Regularly added bite-sized reviews about Literature, Art, Music & Film.
Voltaire said the secret of being boring is to say everything.
We do not wish to say everything or see everything; life, though long is too short for that.
We hope you take these little syntheses in the spirit of shared enthusiasm.
(by Samuel Richardson) (1748)
The Varnished Culture mentions this merely to brag: longer than War and Peace (it’s the longest novel in English at approximately 984,870 words), this account of virtue chased and trashed is the novel’s version of continuous cricket: mad in detail, slow in execution, passionately related. Told in letters, very long letters, the correspondents spend what seems a year recalling a year but a crowded year. Take this book to a desert island; it will endure and also make a crackling blaze.
Coleridge nailed Richardson’s “close, hot, day-dreamy continuity” and Priestley (in Literature and Western Man) commented: “The whole fantastically elaborate business of Clarissa and Lovelace, over which so many eighteenth-century readers wept, could only exist in an over-heated evangelical -erotic dreamland.”
Walter Allen, in The English Novel, was a little more brusque: “…Richardson was mad – mad about sex, and I doubt whether it is possible for the critic who comes to Clarissa after reading Freud to deny that the novel must have been written by a man who was, even though unconsciously, a sadist in the technical sense; the loving, lingering, horrified, gloating descriptions of Clarissa’s long-drawn-out sexual humiliation at the hands of Lovelace, the rape that is constantly threatened and constantly deferred until, when it occurs, it has an additional horror simply because of its long postponement, provide an element of quite inescapable pornography…”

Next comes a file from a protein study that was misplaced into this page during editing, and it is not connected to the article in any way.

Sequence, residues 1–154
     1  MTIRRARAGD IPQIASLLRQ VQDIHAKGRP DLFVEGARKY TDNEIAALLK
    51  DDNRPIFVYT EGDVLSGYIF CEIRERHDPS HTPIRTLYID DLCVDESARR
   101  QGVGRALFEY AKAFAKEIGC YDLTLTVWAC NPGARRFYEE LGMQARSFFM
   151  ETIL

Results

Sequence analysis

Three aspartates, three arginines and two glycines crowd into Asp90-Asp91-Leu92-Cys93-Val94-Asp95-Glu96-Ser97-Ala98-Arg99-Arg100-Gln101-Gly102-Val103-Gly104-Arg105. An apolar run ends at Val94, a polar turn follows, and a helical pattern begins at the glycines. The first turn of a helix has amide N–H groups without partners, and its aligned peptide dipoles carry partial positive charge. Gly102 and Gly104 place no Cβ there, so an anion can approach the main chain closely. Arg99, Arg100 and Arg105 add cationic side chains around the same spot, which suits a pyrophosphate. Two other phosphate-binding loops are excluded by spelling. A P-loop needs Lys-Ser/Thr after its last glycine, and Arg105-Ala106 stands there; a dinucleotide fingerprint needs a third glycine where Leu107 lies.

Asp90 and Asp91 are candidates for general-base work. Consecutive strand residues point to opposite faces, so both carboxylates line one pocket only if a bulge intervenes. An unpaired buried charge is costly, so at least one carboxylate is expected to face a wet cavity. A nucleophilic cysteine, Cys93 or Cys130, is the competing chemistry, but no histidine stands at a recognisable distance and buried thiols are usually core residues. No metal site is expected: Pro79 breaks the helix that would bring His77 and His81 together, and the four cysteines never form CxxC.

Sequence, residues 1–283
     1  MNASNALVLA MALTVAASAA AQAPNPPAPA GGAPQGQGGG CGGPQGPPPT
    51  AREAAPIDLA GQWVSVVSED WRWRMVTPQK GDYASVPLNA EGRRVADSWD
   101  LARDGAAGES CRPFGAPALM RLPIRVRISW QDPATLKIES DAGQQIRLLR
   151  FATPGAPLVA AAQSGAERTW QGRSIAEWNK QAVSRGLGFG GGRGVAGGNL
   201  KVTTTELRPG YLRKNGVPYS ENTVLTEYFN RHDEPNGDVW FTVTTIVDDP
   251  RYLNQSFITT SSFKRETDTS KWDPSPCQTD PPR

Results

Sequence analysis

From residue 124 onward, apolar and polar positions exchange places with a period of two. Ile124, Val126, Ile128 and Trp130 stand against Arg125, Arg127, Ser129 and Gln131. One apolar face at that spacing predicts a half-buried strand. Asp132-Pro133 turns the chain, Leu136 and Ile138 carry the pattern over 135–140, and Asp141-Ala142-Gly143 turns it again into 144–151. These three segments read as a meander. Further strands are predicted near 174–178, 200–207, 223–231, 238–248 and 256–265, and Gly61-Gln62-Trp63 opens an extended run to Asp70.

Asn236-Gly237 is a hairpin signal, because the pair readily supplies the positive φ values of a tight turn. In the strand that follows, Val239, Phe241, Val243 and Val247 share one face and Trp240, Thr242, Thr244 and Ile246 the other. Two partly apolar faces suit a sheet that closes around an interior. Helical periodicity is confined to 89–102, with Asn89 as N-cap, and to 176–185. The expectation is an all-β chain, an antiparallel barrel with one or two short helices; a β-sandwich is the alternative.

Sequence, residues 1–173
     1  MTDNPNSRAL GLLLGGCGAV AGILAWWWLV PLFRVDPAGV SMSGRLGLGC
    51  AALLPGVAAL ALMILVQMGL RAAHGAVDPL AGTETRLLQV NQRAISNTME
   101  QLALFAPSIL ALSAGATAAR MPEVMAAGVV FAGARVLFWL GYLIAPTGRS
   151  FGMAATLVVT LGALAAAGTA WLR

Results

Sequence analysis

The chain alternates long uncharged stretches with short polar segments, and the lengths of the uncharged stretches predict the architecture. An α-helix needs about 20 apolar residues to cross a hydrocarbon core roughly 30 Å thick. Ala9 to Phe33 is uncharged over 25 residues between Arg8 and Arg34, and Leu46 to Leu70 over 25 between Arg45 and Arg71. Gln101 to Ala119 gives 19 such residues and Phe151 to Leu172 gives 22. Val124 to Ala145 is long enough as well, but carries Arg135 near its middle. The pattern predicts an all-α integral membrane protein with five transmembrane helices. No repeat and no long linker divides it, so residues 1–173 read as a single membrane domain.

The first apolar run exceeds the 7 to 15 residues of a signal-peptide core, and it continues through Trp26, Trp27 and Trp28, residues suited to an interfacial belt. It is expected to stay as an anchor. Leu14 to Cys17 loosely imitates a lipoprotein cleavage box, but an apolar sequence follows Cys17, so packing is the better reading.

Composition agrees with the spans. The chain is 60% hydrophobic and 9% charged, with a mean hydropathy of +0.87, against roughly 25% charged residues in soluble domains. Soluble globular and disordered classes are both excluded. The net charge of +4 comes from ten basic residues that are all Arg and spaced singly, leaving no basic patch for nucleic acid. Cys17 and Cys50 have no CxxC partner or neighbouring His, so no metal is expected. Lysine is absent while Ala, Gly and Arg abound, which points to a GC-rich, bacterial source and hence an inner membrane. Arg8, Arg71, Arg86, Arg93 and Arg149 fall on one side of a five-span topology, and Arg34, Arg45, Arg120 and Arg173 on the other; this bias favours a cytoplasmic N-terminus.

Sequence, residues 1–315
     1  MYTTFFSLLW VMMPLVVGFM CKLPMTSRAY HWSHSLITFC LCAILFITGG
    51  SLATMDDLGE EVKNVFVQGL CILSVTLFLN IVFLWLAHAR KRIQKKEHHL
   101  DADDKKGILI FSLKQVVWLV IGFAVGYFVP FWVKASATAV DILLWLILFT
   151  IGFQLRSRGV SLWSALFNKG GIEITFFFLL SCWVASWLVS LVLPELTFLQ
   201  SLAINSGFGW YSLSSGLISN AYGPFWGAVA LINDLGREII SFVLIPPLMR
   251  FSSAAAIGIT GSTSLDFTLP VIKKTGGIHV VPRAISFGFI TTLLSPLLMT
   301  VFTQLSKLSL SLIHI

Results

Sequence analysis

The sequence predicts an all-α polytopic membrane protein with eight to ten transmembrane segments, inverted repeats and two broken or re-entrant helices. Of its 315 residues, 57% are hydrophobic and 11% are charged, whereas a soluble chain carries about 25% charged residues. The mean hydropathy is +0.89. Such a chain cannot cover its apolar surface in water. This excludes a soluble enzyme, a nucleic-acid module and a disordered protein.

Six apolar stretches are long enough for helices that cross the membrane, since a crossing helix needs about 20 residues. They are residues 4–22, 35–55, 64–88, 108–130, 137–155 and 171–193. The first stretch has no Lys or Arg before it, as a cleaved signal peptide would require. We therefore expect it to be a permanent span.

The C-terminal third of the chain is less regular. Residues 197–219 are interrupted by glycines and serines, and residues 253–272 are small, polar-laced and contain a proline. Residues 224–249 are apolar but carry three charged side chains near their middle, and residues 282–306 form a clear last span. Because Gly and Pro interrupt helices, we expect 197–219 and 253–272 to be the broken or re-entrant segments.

Are these reactions in fact overreactions, testimony to the length and depth of Clarissa? Mark Kinkead-Weekes, in his Samuel Richardson: Dramatic Novelist, considers that “Clarissa is the finest novel of its century“* and cautions against casting Miss Harlowe as an angel and Lovelace as a demon: “Clarissa’s tragedy is an exposure of a materialist and acquisitive society; of the moral decay of both the aristocracy and the ‘middle class’“** – a “struggle for Clarissa to come to terms with her fear of sex, her readiness to cast herself as a victim, her melancholy, and her morbid longing for death – or her spiritual pride, which is for Richardson at the heart of it all.”+ Lovelace’s “gaiety, his apparent candour, his wit and charm, even his rakehell insouciance and energy…[pose] a trap for the unwary and superficial here…For in [the] opening volumes we see him mostly through the eyes of Clarissa…“^[*Page 1. **Page 124. +Page 488. ^Page 142.]
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(by Kenneth Clark)
Really a compilation of scripts for a television series, this book, much ridiculed and parodied over the years (remember Monty Python’s “Are you civilised? Have you been civilised recently?”), is a wonderful, personal, informed view of humankind and culture from classical times to the then present (1968). Elegiac, nostalgic, pessimistic; almost everything in the arts since has borne out Clark’s view that “we can destroy ourselves by cynicism* and disillusion, just as effectively as bombs.”[* A cynic being a “man who knows the price of everything, and the value of nothing.” – Oscar Wilde, Lady Windermere’s Fan.] Continue Reading →
(by Howard Friel)